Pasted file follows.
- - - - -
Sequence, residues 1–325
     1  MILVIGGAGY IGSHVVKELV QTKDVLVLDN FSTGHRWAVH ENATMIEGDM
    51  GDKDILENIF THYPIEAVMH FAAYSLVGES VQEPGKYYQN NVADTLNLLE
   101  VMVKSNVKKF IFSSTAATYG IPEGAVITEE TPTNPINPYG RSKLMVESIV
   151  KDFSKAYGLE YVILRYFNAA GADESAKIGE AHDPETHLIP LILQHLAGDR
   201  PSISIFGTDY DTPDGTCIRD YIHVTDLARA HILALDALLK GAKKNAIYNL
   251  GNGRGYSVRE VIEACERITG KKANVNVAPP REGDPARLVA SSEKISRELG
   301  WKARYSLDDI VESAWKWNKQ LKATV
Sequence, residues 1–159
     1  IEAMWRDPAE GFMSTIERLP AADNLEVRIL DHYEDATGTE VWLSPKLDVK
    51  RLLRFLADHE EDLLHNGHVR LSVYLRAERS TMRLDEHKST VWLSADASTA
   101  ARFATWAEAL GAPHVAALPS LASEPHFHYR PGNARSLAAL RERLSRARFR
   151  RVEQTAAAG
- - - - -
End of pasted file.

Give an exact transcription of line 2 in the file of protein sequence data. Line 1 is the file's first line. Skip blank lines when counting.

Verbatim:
     1  MILVIGGAGY IGSHVVKELV QTKDVLVLDN FSTGHRWAVH ENATMIEGDM